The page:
IMR Press / FBL / Volume 12 / Issue 1 / DOI: 10.2741/2056

Frontiers in Bioscience-Landmark (FBL) is published by IMR Press from Volume 26 Issue 5 (2021). Previous articles were published by another publisher on a subscription basis, and they are hosted by IMR Press on imrpress.com as a courtesy and upon agreement with Frontiers in Bioscience.

Open Access Article
Signature of mitochondria of steroidal hormones-dependent normal and cancer cells: potential molecular targets for cancer therapy
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1 Department of Environmental & Occupational Health, Robert Stempel School of Public Health, HLS591, Florida International University, 11200 SW 8th Street, Miami, FL 33199, USA
2 Department of Anatomy and Cell Biology and UF Shands Cancer Center, University of Florida, College of Medicine, Gainesville, FL 32610, USA
3 Neuroscience Program, Miami Children Hospital, Miami, USA
Academic Editor:Subrata Haldar
Front. Biosci. (Landmark Ed) 2007, 12(1), 154–173; https://doi.org/10.2741/2056
Published: 1 January 2007
Abstract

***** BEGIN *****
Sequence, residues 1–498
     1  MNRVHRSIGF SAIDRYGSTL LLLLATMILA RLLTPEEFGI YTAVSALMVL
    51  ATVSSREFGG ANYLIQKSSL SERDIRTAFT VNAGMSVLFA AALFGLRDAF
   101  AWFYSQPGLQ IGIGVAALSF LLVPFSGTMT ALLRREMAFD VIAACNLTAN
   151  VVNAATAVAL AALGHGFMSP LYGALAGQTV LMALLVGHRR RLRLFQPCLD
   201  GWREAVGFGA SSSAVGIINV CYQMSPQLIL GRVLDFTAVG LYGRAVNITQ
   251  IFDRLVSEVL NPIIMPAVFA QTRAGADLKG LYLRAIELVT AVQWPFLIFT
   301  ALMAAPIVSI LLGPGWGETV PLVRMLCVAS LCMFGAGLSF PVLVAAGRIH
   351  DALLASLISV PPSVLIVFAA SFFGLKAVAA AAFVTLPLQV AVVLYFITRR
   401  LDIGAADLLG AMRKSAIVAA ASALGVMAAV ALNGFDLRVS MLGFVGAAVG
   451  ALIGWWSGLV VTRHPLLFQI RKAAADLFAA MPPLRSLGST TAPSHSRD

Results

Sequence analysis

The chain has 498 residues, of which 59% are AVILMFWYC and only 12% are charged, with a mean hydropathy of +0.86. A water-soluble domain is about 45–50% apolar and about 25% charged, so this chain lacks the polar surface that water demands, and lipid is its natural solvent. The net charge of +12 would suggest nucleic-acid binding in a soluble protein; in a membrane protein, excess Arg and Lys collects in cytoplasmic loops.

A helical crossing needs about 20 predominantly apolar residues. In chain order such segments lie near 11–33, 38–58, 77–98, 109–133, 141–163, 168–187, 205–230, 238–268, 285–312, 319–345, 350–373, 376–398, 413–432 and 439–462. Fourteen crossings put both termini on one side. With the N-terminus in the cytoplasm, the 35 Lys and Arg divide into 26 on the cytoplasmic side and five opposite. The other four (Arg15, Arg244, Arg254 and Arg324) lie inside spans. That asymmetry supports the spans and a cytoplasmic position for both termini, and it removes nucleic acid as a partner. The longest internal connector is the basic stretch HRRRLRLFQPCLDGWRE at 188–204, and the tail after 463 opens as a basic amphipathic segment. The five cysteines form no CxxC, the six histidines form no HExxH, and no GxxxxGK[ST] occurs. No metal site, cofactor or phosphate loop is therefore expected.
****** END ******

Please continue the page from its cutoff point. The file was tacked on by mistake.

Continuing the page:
The cross-talk between the cell nucleus and mitochondria appears to control hormone-induced signaling involved in the apoptosis, proliferation, and differentiation of both normal and malignant cells. Evaluation of the defects in genetics and physiology of human endocrine diseases, such as cancer, may manifest as a result of mitochondrial physiologic and metabolic compensation of genetic defects. Steroidal agents control biogenesis and maintenance of mitochondria through the crosstalk between nuclear and mitochondrial genomes. The regulation of mitochondrial transcription by steroidal hormones, presumably occurring through pathways similar to those that take place in the nucleus, opens a new way to better understand steroid hormone and vitamin action at the cellular level. In addition to the steroid hormone receptors, estrogen generated mitochondrial oxidants together with an estrogen-driven increase in epithelial cell proliferation have been shown to participate in the initiation and promotion of the neoplastic lesions in estrogen-sensitive tissues. Mitochondria generation of ROS appears to transduce signals to the nucleus for the activation of transcription factors involved in the cell cycle progression of estrogen-dependent cancer cells. Therefore, an in-depth analysis of such redox regulatory mechanisms is pertinent to the development of novel drugs and gene therapy strategies for the treatment of steroid hormone-dependent diseases related to mitochondrial disorders including cancer.

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